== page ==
Exercising only has benefits for your health when you do it regularly. But making it a habit does not happen easily or overnight and takes effort, motivation and sacrifice. There are many things completely out of your control that can become a hurdle in your fitness journey – the best example being the current pandemic. The COVID-19 lockdowns led many to hit pause as they couldn’t get to their gyms, play sports or go out for a run. And while you may have figured out how to resume your workouts safely by now, it’s good to know what exactly happens to your body when you suddenly quit exercising. Here are four major changes you’ll notice:
1. Increased oxygen demand
Exercising is good for your heart as it improves the efficiency with which your heart pumps blood. This blood carries oxygen, which spreads through the entire body more effectively. When you do not exercise for a few weeks, it becomes difficult for the heart to handle extra blood flow and also reduces the ability of the heart to use oxygen effectively which is medically called VO2 max.
VO2 max is the maximum ability of the heart, lungs and muscles to use oxygen effectively during exercise. It is also used to measure the aerobic capacity of a person.
In the book Endurance Training: Science and Practice, it has been stated that two to four weeks of detraining can significantly reduce VO2 max.
You can easily make this out on your own as after quitting, you may soon be short of breath from climbing a flight of stairs.
2. Loss of muscle mass
It might not become visible immediately but you will start to notice changes in your muscles (smaller and weaker muscles) after quitting high-intensity exercise or weight training. A study published in the Clinical Physiology and Functional Imaging revealed that a detraining period of 12 weeks can result in reduced muscle mass and lower muscular strength. However, it further stated that the person can regain all of it quickly after retraining as the muscles have memory. After quitting exercising, the person first loses power and endurance and then strength. You can notice this while picking up the heavy groceries; while you will be able to carry the weight, you may get tired more quickly than before.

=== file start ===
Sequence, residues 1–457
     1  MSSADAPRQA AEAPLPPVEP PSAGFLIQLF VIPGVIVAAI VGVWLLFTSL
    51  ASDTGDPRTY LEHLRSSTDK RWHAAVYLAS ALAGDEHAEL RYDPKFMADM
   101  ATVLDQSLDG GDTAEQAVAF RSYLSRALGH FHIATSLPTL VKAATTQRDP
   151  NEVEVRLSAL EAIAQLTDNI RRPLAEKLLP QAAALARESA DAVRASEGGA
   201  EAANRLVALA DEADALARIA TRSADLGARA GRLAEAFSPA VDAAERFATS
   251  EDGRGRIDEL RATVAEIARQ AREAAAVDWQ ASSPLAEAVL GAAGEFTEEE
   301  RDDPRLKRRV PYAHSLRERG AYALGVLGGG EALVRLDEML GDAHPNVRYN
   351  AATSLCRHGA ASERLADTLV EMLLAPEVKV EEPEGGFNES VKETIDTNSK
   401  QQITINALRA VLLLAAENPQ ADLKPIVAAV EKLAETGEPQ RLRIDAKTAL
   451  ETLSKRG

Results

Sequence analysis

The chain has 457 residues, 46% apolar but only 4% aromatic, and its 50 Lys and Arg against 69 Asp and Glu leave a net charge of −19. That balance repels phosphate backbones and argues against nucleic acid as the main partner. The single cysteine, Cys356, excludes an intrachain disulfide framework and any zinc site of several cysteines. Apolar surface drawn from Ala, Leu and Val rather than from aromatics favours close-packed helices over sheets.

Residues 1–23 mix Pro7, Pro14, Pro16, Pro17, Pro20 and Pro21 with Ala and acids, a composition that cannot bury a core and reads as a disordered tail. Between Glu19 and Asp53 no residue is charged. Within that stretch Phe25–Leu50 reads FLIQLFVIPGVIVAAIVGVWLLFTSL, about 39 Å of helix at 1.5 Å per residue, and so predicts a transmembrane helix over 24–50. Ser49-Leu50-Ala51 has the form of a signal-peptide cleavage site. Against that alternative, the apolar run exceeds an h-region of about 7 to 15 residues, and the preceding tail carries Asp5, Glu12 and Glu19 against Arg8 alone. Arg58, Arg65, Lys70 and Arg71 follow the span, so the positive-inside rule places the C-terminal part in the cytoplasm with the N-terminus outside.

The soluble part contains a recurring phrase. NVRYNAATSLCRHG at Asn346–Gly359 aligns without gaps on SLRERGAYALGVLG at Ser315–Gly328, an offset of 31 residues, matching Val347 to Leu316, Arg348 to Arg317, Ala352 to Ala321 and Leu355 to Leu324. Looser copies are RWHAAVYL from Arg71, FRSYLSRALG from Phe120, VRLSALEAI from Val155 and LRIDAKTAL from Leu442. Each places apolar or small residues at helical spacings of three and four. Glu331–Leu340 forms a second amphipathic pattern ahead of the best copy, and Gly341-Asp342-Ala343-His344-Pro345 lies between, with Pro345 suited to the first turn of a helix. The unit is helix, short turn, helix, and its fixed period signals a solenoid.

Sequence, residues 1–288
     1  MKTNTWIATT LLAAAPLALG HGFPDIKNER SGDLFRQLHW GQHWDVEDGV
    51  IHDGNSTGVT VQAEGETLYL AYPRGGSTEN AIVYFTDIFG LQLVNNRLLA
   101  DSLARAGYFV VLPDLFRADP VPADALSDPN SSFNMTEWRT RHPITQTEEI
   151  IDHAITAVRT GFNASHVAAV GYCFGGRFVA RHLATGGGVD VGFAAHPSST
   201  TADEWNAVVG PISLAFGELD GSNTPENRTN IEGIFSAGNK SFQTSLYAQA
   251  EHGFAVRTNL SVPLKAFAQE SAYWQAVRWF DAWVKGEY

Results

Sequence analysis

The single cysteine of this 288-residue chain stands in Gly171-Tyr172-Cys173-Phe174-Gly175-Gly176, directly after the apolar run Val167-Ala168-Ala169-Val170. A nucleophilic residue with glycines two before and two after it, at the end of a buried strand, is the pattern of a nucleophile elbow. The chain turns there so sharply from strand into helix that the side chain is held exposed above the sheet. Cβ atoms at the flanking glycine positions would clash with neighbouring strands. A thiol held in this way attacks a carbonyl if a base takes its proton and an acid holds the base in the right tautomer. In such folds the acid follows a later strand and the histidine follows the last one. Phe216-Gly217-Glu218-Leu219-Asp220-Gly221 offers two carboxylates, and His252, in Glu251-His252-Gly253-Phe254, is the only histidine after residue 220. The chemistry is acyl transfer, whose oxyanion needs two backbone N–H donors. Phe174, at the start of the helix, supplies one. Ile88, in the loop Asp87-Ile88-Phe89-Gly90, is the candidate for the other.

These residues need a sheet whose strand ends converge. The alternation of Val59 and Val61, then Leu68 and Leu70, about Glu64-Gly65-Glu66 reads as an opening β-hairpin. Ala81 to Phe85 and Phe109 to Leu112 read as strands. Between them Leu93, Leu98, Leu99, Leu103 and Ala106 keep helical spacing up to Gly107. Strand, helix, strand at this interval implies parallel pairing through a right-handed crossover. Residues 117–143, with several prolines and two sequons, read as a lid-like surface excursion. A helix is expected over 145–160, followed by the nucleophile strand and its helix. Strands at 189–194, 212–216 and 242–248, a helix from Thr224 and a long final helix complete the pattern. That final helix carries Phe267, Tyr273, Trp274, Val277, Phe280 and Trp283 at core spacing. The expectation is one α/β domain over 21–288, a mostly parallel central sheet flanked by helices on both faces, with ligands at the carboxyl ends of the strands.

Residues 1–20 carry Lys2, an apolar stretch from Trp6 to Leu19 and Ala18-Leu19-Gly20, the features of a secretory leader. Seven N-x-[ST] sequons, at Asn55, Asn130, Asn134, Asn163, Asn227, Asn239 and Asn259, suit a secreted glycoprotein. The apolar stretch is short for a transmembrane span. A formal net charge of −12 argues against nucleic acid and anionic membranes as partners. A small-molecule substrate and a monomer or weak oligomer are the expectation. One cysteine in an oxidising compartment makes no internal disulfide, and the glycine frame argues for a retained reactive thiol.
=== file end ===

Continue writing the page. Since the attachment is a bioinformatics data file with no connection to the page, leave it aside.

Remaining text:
3. Spiked blood sugar levels
When we eat food, our blood sugar levels spike up. In the people who exercise daily, this extra sugar gets absorbed by the muscles and other tissues to form energy. However, when people stop working out, these sugar levels remain elevated for longer after a meal. A study published in the journal Medicine & Science in Sports & Exercise showed even three days of inactivity in young healthy individuals can lead to glucose intolerance.
4. Weight gain
When you stop working out, the body fat increases as your calorie requirement decreases. Your metabolism slows down and the muscles lose their ability to burn as much fat. Also, since you’re not burning the same amount of calories as you used to while working out, the extra calories will be stored as fat in the body.
For more information, read our articles on Fitness.
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